Shortly after their visit, it was nearing Christmas. We were working day and night and made use of friends and family members to be able to keep up with work. Heather’'s grandmother came to look after Heather at the cottage, whilst nephew, 18 year old Richard, and lodger on Heather Bell at the time, came to assist on anything he could i.e carving, sanding and painting. All deadlines were met and happy children all over the UK managed to receive their horses in time for Christmas day.
The following January, we made plans for a new bigger and better workshop. We found a fantastic space just ten minutes from home. Again, on a farm. It was much larger and allowed for an office, a small paint room, a timber store, a small showroom and a carpentry room. We were approaching our third year in Shropshire and had already met many great people who became lifelong friends including Charlie who would go on to work for us for the next 20 years. We began employing in the local area; Still having a hand in canal life and our new setting of Shropshire enabled us to meet people from all walks of life, many of whom brought great artistry and skill to the workshop and offered diversity and further creative development.
As our business and small team grew it became apparent that again, we needed more room. Then, as luck would have it, we came across a hidden gem. We learned that a newspaper printer works in Newport had been empty for some time and the owner was looking for someone just like us to take over the property. The building was fantastic as any Victorian newspaper printing factory is. Suddenly, we were working on three floors. Through its twisting corridors and high ceiling multitude of rooms, it was here that the Rocking Horse Works finally had a chance to spread its wings fully. With its glass roof and huge Victorian bay windows on the top floor, it made the perfect painting studio for Alison and team. The third floor was a fantastic space for seasoning our horses and stands and the first floor were several carpentry rooms, allowing each team member a little space of their own. We also had an excellent showroom showcasing our entire range. It was this excellent workshop that inspired us to switch things up a little. We attended more shows, designed a whole new range of horses, commissioned a local photographer for a professional shoot and ordered a printer to design us a brand new glossy brochure. Things were running very smoothly indeed.
During the latter part of this period, the internet became more widely used, providing us with a sudden platform to reach customers across the globe and our international sales grew. Our export market was booming. As well as a rapid increase in sales, we were undertaking a large amount of renovations. After many years of continued business growth, the recession hit us. This gave us a new approach. We scaled back our advertising in expensive glossy magazines, did less shows and concentrated more heavily on developing our website and explored the avenues the internet had to offer us as a business. We found that restorations increased whilst sales temporarily slowed. This was short lived as we found that the internet came through for us in these turbulent times. The team continued this way for many happy and successful years.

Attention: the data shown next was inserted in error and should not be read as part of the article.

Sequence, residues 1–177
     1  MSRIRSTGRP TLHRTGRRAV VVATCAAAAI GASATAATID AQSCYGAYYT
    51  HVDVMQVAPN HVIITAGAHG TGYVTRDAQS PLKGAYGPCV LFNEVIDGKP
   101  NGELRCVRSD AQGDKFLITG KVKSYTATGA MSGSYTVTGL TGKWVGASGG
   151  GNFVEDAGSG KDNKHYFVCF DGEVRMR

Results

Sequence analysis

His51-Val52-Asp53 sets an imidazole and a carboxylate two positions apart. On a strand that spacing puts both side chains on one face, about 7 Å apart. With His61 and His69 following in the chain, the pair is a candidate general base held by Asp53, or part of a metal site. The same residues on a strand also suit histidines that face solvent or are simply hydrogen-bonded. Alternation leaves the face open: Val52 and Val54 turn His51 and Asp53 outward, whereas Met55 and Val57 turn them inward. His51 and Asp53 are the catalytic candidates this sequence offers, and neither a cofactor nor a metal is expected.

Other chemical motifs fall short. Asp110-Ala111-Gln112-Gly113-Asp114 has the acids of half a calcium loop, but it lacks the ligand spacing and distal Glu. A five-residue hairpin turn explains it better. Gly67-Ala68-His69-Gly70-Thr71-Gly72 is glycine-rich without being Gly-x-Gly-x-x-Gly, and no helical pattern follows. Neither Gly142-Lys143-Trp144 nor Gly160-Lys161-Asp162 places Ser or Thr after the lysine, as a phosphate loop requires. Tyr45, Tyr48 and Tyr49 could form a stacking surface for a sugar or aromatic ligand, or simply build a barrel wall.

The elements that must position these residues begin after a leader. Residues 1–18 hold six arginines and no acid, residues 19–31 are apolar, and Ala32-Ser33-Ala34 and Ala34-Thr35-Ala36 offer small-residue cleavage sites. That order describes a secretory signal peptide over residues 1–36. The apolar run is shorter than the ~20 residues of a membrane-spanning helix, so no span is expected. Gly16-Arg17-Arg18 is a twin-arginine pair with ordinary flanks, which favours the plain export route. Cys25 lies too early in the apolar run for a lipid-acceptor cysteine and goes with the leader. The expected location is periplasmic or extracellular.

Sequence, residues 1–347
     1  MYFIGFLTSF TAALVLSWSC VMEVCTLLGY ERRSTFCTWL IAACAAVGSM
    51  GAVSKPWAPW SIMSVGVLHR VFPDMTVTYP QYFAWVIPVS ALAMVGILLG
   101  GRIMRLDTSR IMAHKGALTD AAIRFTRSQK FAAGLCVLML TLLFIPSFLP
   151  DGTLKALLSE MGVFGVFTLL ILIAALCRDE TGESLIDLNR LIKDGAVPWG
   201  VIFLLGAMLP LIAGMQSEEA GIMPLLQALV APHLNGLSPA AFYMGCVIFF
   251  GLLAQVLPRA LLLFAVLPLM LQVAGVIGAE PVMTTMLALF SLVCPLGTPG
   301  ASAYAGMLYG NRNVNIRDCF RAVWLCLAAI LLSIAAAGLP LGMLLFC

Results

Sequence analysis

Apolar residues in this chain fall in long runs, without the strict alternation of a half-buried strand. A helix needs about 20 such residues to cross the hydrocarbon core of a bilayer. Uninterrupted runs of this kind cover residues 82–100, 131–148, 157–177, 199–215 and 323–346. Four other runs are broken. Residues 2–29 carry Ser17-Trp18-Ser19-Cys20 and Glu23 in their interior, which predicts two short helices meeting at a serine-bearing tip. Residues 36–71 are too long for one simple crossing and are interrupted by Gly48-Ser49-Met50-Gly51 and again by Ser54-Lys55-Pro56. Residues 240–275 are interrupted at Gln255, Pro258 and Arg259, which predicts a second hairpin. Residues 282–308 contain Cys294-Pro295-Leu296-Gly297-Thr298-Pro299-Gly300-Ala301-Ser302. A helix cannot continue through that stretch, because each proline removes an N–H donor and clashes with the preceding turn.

The next phase in the Rocking Horse Works was our decision to separate workshop life from our showroom. We decided that we needed a beautiful space, exquisite enough to display our horses in a more shop-like setting and have a separate premises for manufacture. Both still open to the public. We went ahead with this decision, leaving our Newport workshop behind in search of something a little more exclusive. We began the hunt immediately and, for a while, we were at a loss. But then, a wonderful opportunity arose. The offer to rent Tyrley Chapel, just 100 metres from our rambling cottage. This unique setting would go on to provide us with our most beautiful and exquisite showroom yet. We restored the chapel to its former glory, as it had been derelict for some time. Then, we began filling the space with our beautiful horses. Many locals popped in at the excitement of seeing lights on in the church for the first time in years. People were amazed to step into this Santa-like grotto of Victorian style Rocking Horses. We spread manufacture over three workshops, all within ten miles of the chapel. This new logistical approach catered for all of our customers as, whilst many of our customers liked to observe manufacture and our team at work, others preferred not to step inside a workshop full of wood shavings, horse hair and paint. Now they had the choice.
Seven years later, this arrangement is still working for us and our customers. Our team has adjusted to the change and a new segmentation of the business. You are welcome to visit us at the chapel or any of our workshops. Please get in touch with us on 01630 653 194 or email email@example.com